I don’t want to be a product of my environment. I want my environment to be a product… of me.
– William Monahan, The Departed screenplay, 2006
I’ve been exploring the impact on postmodernism of Hegel’s “master-bondsman” discourse. Hegel talks about the ways in which selves attempt in vain to attain self-sufficiency from others. But Hegel says he’s really talking about an internal division, where the self and the self-conscious compete for dominance, only to come to the realization that what they’re fighting over is an emptiness at the core of the self, an emptiness that serves the ultimate Master, who is death.
The Departed centers around two main characters: Colin is a cop who is really an operative of Costello, an Irish gang boss who speaks the film’s opening line cited at the top of this post; Billy works for the gang boss but is really an undercover cop working for the head of the organized crime division. Colin and Billy are ambivalent bondsmen, seemingly serving one master while really serving the other. Each is a kind of mirror image of the other. But each is also his own double: both cop and criminal, a servant both of the Law and of Transgression. These two worlds aren’t just opposites; they too are mirror images of one another in structure, in language, in internal codes of honor and corruption. And within each of the two characters is a divide. When he tries to discover a united, coherent self he discovers that he is simultaneously a loyal servant and a traitor, a violator of the code and a subject to the code of violation. In serving two masters does he serve no master but himself? But in his self-mastery does he discover that he really is no one, a servant of Death who rules all and who spares no one?
I’m reminded of another, very different movie on which I once posted: It’s a Wonderful Life. George Bailey, at the end of his rope, is ready to kill himself. His guardian angel Clarence tries to talk him out of death by showing him what things would have been like if George had never lived. Clarence reveals an alternate reality, a mirror image that’s different only in that it lacks George. It’s a disorienting experience to visit a world defined by your own nonexistence. It’s uncanny. And it’s an inner split: am I the self who observes the mirror world, or am I the non-self that is the hole in that world?
And now I recall Freud’s essay on “The Uncanny,” in which he recounts one of the Tales of Hoffman, “The Sandman,” about a nighttime visitor who throws sand in children’s eyes until the eyes, bleeding, jump out of the children’s heads. This too is a story of death, of selves who are divided and mirrored, of the uncanny. Freud elaborates:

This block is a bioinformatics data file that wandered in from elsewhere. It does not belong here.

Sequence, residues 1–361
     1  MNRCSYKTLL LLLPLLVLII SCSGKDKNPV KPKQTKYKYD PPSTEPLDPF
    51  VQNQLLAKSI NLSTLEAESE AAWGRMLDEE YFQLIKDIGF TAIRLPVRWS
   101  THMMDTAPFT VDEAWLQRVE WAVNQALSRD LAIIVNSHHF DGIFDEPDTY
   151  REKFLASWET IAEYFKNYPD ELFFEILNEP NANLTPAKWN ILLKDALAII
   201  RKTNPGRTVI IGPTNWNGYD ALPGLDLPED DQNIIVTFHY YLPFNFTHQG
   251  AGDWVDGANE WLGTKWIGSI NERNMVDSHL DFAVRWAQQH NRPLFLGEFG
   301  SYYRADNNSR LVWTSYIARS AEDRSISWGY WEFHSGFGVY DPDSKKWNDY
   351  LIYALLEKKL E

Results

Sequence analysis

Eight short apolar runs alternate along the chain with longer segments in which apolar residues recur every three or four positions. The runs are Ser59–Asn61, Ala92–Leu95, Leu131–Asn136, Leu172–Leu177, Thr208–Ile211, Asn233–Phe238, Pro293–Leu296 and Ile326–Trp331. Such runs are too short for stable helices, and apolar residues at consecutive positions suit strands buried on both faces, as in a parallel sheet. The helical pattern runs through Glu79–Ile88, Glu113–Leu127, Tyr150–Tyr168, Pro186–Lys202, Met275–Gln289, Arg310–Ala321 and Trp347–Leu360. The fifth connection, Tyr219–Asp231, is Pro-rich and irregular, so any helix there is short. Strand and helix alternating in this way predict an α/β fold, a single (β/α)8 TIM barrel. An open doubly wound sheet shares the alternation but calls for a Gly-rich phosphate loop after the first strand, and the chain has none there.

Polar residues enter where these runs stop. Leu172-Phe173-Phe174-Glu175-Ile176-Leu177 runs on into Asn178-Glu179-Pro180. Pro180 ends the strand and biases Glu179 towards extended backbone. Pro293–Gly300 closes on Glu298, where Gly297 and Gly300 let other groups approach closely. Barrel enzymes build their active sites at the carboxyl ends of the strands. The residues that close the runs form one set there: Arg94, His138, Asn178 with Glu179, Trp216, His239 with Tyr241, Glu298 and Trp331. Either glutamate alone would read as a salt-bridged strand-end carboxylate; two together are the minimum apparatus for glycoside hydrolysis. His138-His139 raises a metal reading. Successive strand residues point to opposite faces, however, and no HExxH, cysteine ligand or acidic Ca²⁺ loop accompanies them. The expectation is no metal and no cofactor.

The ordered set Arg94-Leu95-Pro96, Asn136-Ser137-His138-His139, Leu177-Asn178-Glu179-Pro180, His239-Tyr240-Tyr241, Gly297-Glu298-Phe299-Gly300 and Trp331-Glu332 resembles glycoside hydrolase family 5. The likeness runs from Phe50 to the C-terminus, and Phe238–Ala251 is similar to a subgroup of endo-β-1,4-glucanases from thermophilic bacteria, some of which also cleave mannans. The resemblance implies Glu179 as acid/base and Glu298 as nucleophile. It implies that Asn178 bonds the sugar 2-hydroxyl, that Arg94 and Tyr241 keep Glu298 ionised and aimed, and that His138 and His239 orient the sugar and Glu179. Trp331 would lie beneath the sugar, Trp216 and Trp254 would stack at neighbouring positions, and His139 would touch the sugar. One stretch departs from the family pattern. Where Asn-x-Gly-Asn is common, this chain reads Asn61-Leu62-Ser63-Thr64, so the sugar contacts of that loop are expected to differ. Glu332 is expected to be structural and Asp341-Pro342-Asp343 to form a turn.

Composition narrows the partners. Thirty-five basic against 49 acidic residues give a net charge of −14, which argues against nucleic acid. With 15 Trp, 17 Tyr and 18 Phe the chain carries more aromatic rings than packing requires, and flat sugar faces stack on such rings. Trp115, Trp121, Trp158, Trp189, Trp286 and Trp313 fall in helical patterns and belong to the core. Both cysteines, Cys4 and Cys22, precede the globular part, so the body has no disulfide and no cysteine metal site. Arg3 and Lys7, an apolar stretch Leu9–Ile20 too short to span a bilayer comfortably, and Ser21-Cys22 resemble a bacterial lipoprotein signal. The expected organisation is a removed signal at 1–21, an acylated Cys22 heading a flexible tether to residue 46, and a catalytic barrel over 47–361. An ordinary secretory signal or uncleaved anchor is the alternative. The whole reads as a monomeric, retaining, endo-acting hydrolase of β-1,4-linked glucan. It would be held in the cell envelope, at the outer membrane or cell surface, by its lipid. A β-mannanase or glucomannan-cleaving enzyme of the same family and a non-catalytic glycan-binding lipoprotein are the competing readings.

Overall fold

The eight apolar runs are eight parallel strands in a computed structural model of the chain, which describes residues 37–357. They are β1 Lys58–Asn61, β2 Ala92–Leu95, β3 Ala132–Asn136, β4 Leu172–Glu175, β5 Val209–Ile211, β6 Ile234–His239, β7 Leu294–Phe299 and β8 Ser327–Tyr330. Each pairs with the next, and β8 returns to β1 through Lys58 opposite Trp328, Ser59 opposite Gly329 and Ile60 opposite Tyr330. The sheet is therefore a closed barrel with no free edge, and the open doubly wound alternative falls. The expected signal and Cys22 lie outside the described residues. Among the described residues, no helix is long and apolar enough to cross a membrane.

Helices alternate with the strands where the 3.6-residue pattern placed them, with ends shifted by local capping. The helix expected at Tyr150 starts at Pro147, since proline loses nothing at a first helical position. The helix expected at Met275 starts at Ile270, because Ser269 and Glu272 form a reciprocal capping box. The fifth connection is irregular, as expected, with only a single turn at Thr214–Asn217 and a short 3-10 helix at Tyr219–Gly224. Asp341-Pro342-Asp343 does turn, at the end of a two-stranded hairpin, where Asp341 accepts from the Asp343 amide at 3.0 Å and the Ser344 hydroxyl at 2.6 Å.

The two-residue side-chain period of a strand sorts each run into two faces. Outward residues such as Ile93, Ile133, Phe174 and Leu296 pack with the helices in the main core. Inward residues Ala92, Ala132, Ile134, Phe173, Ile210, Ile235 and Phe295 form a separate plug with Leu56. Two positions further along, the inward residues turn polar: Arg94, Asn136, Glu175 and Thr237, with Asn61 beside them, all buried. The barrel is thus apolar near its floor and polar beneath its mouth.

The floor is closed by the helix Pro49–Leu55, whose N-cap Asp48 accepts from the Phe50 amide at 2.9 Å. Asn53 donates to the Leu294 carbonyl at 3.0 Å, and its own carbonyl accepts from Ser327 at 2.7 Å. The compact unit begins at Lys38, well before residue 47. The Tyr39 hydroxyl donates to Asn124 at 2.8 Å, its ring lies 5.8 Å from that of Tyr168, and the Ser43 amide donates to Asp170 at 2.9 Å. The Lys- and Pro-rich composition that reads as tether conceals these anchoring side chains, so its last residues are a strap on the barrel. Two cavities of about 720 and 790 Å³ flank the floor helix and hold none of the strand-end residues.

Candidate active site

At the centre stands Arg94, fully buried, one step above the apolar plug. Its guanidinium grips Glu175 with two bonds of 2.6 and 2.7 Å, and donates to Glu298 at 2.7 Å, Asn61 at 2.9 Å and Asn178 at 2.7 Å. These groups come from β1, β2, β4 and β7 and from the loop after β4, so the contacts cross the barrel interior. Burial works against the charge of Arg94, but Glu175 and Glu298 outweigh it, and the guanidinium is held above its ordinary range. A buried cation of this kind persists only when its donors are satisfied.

These themes are all concerned with the phenomenon of “the double,” which appears in every shape and in every degree of development. Thus we have characters who are considered to be identical because they look alike. This relation is accentuated by mental processes leaping from one of these characters to another — by what we should call telepathy –, so that the one possesses knowledge, feelings, and experience in common with the other. Or it is marked by the fact that the subject identifies himself with someone else, so that he is in doubt as to which his self is, or substitutes the extraneous self for his own. In other words, there is a doubling, dividing, and interchanging of the self. And finally there is the constant recurrence of the same thing — the repetition of the same features or character-traits or vicissitudes, of the same crimes, or even the same names through several consecutive generations.
Freud says that in traditional cultures the double — the mirror image, the dream self, the shadow, the guardian spirit, the soul which inhabits the body, the image of the dead person that decorates the Egyptian sarcophagus — serves as a protector of the self against death. Later, with the emergence of self-awareness, the double becomes a harbinger of death: the doppelganger, the voodoo doll, the zombie, the ghost. When the self as subject looks upon self as object, what it sees is a self rendered inanimate, dead, subjected to the ultimate Master.
Think about Hitchcock movies: Vertigo, Strangers on a Train, Psycho — the uncanny double drives the story toward the ultimate Master. The divided selves, and the doubled worlds they inhabit, reunite only in death and madness. In more optimistic movies like It’s A Wonderful Life the doubling reunites around an awareness not of self-as-dead but of self-as-alive. I suspect that for Hegel the tragic and the comic resolutions are equally based on a self-deception that short-circuits a more profound, more spiritual synthesis.
Eventually Colin is assigned to find the rat in the police department who tips Costello off about impending raids. The irony is that Colin himself is the rat. I’m looking for myself, Colin tells Costello. Finally Costello gets killed, ratted out by the rat himself. Billy the undercover cop comes in out of the cold. I want my identity back, he tells Colin. I erased you, Billy tells him. Eventually everyone is erased by the ultimate Master.